PRESS RELEASE & Telephone Briefing Tuesday 8/16 @ 11am EDT
CANADIAN COALITION FOR NUCLEAR RESPONSIBILITY
CITIZENS FOR ALTERNATIVES TO CHEMICAL CONTAMINATION ENVIRONMENTALISTS, INC – LONE TREE COUNCIL
NUCLEAR INFORMATION AND RESOURCE SERVICE
SAVANNAH RIVER SITE WATCH – SIERRA CLUB
Groups File for Injunction to
KEEP LIQUID RADIOACTIVE WASTE OFF OUR HIGHWAYS
For Immediate Release: August 15, 2016
One hundred fifty truckloads of inherently dangerous liquid radioactive waste are slated to drive through Canadian and US communities and across major waterway crossings, from Chalk River, Ontario, Canada to the Savannah River Site, South Carolina, USA.
Seven nonprofit organizations are challenging these unprecedented, high-risk shipments in federal court in Washington, DC, requesting preliminary and permanent injunctions to prevent the import and transport which violates US federal environmental, atomic energy and administrative procedure laws.
These shipments could begin at any time.
Court and relevant background documents are linked here:
Press Phone Briefing by Media Contacts Tuesday, August 16, 2016, 11:00 am till Noon, EDT.
Media are invited to call in at 605-562-3140, passcode: 723281#
Kevin Kamps, Radioactive Waste Watchdog, Beyond Nuclear, (240) 462 3216, email@example.com
Diane D’Arrigo, Nuclear Information and Resource Service (NIRS), (202) 841 8588, firstname.lastname@example.org
Gordon Edwards, Canadian Coalition for Nuclear Responsibility (CCNR), (514) 489 5118, email@example.com
Tom Clements, Savannah River Site Watch, (803)240-7268, firstname.lastname@example.org
The coalition lawsuit charges that the Department of Energy (DOE) and National Nuclear Security Administration (NNSA) failed to provide a thorough public process as required under the National Environmental Policy Act (NEPA) to fully analyze the hazards of transporting liquid highly radioactive waste. An Environmental Impact Statement must be prepared and made available for other federal agencies and citizens to review and comment on, including a discussion of alternative ways to deal with the nuclear waste.
Experts from the international coalition testify that the shipments are unwarranted, ill-advised and entirely unnecessary. Allowing highly radioactive liquid wastes from Canada to be shipped through communities and over major waterways in Canada and the United States, to be dumped in South Carolina, without the deliberative NEPA procedures, will set a dangerous precedent for decades to come. It will also intensify the pressures on the State of South Carolina to become an international nuclear sacrifice area.
U.S. Rep. Brian Higgins (NY – 26) has stated that the proposed shipments raise significant homeland security questions. The US House of Representatives unanimously passed Higgins sponsored legislation requiring a NEPA Environmental Impact Statement for the proposal.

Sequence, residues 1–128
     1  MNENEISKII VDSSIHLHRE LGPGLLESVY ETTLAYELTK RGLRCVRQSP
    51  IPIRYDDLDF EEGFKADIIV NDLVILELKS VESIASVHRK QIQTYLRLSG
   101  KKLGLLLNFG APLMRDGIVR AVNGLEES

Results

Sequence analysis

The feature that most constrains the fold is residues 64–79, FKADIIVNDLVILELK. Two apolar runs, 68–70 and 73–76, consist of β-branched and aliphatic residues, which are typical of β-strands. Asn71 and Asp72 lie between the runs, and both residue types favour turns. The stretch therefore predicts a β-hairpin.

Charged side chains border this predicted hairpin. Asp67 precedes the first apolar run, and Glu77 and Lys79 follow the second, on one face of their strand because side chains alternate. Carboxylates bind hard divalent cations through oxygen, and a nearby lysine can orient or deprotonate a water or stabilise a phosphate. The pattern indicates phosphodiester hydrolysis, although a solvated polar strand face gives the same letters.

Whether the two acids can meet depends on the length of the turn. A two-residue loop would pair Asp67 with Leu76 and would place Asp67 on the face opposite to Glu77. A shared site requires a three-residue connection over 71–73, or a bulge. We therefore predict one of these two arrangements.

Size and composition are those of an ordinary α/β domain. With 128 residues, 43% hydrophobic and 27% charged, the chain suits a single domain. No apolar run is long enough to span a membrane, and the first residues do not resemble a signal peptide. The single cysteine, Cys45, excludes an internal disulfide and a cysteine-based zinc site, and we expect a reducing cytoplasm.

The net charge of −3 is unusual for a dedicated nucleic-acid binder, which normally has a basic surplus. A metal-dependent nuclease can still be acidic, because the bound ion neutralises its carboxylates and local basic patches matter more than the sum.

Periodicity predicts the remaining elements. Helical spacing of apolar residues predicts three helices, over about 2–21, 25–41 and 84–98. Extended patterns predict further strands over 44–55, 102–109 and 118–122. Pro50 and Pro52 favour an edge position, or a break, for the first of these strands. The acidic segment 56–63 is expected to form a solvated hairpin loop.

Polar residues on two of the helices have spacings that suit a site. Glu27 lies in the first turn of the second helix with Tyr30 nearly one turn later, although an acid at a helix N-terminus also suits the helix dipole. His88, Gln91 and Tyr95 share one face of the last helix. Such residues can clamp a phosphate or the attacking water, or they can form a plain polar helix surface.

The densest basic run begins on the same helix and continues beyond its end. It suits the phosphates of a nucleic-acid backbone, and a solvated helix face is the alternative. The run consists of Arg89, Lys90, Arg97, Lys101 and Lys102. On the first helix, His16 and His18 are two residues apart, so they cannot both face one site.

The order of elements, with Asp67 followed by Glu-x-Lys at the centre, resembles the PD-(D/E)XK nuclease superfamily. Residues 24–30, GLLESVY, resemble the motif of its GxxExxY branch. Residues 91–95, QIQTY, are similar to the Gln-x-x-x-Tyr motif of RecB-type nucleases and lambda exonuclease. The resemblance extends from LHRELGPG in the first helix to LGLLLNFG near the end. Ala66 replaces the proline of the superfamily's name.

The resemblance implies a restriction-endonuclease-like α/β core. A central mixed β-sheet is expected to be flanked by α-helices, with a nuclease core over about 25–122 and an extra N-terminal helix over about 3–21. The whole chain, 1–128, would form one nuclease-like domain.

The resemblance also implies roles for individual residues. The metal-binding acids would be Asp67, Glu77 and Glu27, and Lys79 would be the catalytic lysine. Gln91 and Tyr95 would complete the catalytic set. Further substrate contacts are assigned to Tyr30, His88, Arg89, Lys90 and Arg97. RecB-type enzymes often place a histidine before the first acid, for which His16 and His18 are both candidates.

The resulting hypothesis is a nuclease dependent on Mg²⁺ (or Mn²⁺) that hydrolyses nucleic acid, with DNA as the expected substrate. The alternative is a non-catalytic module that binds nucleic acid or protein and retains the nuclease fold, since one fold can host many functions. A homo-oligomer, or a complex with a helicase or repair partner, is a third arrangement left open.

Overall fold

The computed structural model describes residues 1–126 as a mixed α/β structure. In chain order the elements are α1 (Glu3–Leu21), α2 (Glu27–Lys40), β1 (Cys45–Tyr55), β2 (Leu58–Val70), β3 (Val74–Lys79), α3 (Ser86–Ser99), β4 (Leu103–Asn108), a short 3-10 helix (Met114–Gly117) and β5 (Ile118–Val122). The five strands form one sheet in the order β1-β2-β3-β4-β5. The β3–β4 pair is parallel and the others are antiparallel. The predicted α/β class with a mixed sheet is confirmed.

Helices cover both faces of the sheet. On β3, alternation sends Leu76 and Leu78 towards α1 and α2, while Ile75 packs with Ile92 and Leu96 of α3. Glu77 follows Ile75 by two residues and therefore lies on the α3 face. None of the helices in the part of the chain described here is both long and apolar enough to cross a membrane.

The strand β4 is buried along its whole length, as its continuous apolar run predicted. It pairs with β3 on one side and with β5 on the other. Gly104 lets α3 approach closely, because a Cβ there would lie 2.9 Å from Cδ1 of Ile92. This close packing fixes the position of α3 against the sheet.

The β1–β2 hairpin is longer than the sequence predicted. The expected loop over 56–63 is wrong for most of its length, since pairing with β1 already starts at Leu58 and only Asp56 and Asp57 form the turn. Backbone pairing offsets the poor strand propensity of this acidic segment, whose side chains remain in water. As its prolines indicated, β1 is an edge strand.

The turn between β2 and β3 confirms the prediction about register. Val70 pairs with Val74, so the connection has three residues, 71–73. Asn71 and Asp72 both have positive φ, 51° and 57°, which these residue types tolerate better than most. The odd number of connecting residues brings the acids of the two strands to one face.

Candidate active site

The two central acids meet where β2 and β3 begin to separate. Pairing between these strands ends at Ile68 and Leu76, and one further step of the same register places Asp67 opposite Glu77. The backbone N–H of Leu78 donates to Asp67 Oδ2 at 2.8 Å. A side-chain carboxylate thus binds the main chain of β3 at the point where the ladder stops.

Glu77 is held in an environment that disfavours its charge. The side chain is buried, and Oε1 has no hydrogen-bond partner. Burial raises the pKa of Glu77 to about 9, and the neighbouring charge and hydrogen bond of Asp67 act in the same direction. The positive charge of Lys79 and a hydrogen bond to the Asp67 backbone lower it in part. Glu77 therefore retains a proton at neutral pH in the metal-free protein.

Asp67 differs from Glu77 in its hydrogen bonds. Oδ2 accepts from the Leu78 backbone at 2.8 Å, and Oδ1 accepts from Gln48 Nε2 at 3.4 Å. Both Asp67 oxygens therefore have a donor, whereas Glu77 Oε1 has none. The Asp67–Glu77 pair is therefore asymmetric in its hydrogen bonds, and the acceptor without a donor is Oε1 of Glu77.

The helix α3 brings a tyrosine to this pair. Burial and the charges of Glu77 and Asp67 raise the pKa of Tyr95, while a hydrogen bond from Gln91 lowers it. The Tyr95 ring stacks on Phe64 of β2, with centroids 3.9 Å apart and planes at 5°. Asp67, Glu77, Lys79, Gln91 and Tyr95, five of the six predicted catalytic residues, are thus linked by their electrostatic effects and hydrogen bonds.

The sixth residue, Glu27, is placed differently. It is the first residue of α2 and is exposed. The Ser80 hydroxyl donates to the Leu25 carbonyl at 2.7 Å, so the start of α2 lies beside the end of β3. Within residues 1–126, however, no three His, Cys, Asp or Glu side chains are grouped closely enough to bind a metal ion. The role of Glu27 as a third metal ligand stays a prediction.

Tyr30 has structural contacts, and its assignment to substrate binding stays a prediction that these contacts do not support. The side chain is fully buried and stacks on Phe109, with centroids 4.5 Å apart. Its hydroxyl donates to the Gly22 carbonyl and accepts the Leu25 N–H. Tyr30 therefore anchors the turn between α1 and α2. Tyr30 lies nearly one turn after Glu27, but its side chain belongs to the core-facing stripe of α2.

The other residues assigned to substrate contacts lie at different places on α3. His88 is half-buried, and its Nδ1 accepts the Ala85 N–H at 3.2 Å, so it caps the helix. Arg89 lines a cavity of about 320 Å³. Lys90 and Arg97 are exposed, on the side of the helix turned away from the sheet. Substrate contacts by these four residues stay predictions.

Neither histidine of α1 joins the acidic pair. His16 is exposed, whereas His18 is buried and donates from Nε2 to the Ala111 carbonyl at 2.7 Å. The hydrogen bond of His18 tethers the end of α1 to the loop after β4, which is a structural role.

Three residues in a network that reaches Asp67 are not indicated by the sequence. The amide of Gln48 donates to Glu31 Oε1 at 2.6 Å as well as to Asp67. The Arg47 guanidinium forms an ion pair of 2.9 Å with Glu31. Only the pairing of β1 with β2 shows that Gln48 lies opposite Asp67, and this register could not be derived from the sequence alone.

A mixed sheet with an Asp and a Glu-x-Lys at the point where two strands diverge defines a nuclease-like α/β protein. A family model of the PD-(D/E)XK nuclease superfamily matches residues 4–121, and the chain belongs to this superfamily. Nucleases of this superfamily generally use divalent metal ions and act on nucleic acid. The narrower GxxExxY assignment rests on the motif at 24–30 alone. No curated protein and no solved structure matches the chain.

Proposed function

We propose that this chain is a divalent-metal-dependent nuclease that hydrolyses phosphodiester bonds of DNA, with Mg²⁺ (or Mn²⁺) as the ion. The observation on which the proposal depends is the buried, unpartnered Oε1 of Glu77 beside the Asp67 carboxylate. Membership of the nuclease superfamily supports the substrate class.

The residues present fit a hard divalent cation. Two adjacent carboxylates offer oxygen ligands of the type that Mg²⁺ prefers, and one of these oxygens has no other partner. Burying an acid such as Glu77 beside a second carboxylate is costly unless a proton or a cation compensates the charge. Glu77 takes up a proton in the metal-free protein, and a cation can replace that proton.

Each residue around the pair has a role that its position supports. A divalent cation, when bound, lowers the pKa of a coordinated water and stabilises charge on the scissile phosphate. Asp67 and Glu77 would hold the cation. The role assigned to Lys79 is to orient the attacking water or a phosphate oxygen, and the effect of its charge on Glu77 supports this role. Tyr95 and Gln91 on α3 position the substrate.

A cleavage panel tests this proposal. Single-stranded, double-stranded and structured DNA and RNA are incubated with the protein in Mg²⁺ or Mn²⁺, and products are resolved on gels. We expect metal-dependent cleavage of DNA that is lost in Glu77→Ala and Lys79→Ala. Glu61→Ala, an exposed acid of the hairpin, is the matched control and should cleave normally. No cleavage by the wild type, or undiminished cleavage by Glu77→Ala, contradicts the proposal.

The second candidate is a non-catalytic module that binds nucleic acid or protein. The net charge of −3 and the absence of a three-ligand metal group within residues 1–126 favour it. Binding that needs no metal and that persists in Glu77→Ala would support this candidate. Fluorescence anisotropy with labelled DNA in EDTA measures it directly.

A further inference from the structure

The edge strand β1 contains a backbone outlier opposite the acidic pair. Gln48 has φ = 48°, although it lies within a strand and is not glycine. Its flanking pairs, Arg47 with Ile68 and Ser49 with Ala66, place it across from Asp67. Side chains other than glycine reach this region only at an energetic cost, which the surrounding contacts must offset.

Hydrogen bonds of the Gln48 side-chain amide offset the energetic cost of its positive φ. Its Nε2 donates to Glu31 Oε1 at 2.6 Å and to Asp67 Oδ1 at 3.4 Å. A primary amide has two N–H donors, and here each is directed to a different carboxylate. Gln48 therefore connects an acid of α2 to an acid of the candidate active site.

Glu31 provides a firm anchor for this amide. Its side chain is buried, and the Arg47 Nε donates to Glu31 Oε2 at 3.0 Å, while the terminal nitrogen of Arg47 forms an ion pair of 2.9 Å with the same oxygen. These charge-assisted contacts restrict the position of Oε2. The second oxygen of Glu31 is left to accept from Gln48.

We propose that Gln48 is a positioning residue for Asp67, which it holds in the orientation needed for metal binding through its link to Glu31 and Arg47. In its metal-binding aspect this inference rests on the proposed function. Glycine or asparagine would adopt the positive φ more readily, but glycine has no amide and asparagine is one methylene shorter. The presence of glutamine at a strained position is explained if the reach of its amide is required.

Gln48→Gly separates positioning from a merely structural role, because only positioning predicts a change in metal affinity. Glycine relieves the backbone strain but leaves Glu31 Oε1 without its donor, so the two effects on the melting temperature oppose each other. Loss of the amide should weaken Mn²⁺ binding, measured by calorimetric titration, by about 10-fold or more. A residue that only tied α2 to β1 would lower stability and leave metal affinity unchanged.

Lynda Schneekloth, a Buffalo, NY Sierra Club member says: “It is irresponsible to ship liquid highly radioactive waste through our communities and over our waterways without truly studying the dangers and alternatives. Governments are responsible for the health and wellbeing of the citizens who elected them.”
The liquid high-level nuclear waste in question is a corrosive acidic mixture of dozens of highly dangerous radioactive materials including cesium-137, strontium-90, iodine-129, plutonium-239, and weapons-grade uranium-235, left over from the production of medical isotopes at Chalk River, Ontario, north-west of Ottawa.
Although it was previously determined that this highly dangerous liquid waste would be solidified and stored onsite in Canada, the US Department of Energy now plans to truck the 6,000 gallons of extremely radioactive waste, in liquid form, to the Savannah River Site in South Carolina, in exchange for $60 million from Canada.
“Liquid high-level nuclear waste is known to be among the most dangerous materials on the planet, as we have seen at the Savannah River Nuclear Weapons Site and the nuclear power and weapons reprocessing site at West Valley, NY. There is a good reason why no one has ever tried to move this stuff over public roads before. The material from Chalk River is in the same category,” said Diane D’Arrigo of the Nuclear Information and Resource Service.
“Our organization has fought against the needless and heedless transport of solid irradiated uranium fuel over public roads, rails, and waters,” said Kevin Kamps, nuclear waste specialist at Beyond Nuclear. “The only thing worse than solid irradiated uranium is the liquid variety. It is a Mobile Chernobyl; it cannot be contained when spilled due to crash, fire, or deliberate attack.”
“Shipping highly radioactive liquid waste to South Carolina is wildly inappropriate,” said Dr. Gordon Edwards, president of the Canadian Coalition for Nuclear Responsibility. “Chalk River has been solidifying exactly the same kind of liquid waste for over ten years already. In 2011 Chalk River promised to handle all this material on site.” He added, “It was recently learned that Indonesia is going to be down-blending its high-level liquid waste on site, rather than sending it to the Savannah River Site, and Canada can do the same thing, making the high-risk transport of this material over public roads completely unnecessary.”
The lawsuit is being filed against the Department of Energy and National Nuclear Security Administration on behalf of a number of organizations whose individual members live along the potential transport routes who could suffer significantly in the event of a safety or security mishap allowing the escape of some of the highly dangerous liquid contents. The suit will also highlight specific problems at the SRS site that argue against the dumping of more nuclear waste there.